Content of the material
- Appraised Value of Your Home
- How to Calculate Your Home’s Assessed Value
- What online home value estimators can’t do
- How to Calculate the Assessed Value of Your Home
- Assessed Value = Market Value x (Assessment Rate / 100)
- Assessed Value = Property Tax Bill x (100 / Tax Rate)
- My homes value went down. What should I do?
- How can I add value to my home?
- How appraisers determine your home value
- The ‘sales comparison’ approach
- Other home appraisal approaches
- Low appraised value for the home seller
- Options for sellers with a low appraisal
- How Long Does a Home Appraisal Take?
- Tracking Your Homes Value
- Key takeaways
- The Bottom Line
- My appraisal came in low, now what?
- What Happens After the Appraisal?
- Rocket Sister Companies
Appraised Value of Your Home
An appraised value of a home is based on factors other than the inspection and comparison to nearby homes that have recently sold. Discover explains that a home’s market value is also based on the size of the home and land and its condition, location and age. For example, the exact same home would have a higher appraisal in San Francisco than it would in a small town in North Carolina.
Professional appraisers are brought in to conduct visual inspections of homes, but this is not always the case. When homeowners decide to refinance or get home equity loans, oftentimes, the lender will not require someone to do a physical assessment. Sometimes, though, municipal property assessors determine that an appraised value is inaccurate, and they will step in to establish what they feel is more appropriate. Note that homeowners can also challenge the appraised value of their home in most jurisdictions, which will impact property taxes.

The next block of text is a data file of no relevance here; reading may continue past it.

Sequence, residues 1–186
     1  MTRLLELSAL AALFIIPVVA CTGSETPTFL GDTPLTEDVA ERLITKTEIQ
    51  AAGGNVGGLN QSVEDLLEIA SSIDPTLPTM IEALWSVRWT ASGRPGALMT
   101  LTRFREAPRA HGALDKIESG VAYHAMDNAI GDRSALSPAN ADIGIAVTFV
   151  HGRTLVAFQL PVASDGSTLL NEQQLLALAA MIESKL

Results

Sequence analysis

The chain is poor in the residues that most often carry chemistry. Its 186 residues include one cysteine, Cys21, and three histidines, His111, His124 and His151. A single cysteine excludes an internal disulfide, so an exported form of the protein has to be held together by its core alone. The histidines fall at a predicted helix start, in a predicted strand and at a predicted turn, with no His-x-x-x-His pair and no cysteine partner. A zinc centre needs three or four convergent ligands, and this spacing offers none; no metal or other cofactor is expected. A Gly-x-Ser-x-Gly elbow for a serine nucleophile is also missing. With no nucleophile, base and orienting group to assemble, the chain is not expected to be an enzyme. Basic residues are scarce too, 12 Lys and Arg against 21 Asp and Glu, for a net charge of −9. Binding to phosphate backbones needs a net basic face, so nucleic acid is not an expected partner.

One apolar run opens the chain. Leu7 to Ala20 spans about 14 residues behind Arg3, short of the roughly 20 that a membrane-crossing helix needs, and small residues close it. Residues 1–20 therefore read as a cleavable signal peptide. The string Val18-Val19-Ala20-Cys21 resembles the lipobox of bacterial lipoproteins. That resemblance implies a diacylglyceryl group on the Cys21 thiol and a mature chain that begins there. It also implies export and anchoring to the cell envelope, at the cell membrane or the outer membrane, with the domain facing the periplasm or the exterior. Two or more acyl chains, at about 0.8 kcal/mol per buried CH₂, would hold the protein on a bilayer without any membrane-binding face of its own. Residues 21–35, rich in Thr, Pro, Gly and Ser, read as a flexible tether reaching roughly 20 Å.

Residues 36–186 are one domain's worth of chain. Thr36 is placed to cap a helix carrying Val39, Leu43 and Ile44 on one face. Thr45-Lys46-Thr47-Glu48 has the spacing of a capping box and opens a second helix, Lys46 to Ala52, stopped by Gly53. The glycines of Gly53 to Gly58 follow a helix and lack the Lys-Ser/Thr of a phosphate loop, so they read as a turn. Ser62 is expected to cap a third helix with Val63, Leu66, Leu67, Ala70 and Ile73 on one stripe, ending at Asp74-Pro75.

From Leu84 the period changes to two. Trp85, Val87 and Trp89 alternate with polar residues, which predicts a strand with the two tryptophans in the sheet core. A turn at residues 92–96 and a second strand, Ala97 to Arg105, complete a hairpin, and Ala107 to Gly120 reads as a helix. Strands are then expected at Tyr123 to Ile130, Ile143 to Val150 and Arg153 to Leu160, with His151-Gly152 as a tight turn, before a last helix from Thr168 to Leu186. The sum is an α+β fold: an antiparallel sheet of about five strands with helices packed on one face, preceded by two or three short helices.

How to Calculate Your Home’s Assessed Value
If you are wondering what the value of your home is and want to calculate the assessed value, you would need the property’s market value and assessment rate. You can then use this equation:
Assessed value = (Market value x Assessment rate) / 100
If the market value of your home is $300,000 and the assessment rate is 80%, the assessed value is $240,000.
You can also use your property tax bill and the real-estate tax rate of your county to calculate the assessed value of your home with this equation:
Assessed value = (Property tax bill x Tax rate) ✕ 100
If your property tax bill is $2,400 and your county’s department of finance tells you the real-estate tax rate is 1%, you can see that your assessed value is $240,000.
What online home value estimators can’t do
Like all tools, online home value estimators have their limits. They could have incomplete data, or data that lags the market. But they also can’t account for differences in homes that impact their values which can’t be measured by raw numbers.
Cullen points out that these tools, “aren’t taking factors into account such as quality, condition, and a mixture of property types.” He appraises homes in New England, where the same neighborhood can have a large mixture of property types.
“We may have a colonial style home, next to a ranch style home, a clam shack down the street and also some commercial influence mixed in,” he says. Each of them would have a different value, but an online tool may treat them all the same.
Some other examples of factors that impact a home’s value but an online tool can’t see include:
- A home’s positioning on a busy street
- A home’s location near public transportation
- Its closed-off layout
- Recent upgrades or improvements — like a new kitchen, roof, or bathroom
- Major changes in the community
- New amenities being built nearby — a swimming pool or new school
- Large employers that recently announced coming to the area
Online home estimates can give you a great starting point. And if you know your home is standard for the area, their estimate could be extremely accurate.
All floor plans aren’t equal. Two and a half bathrooms could mean that there is only one bathroom upstairs for four bedrooms. The truth is the floor plan and the function of the home is a very big part of an appraisal, and there is an adjustment for that. Julie Kaczor Real Estate Agent Close Julie Kaczor Real Estate Agent at Baird & Warner 4.7 Currently accepting new clients Years of Experience 29 Transactions 974 Average Price Point $383k Single Family Homes 846
How to Calculate the Assessed Value of Your Home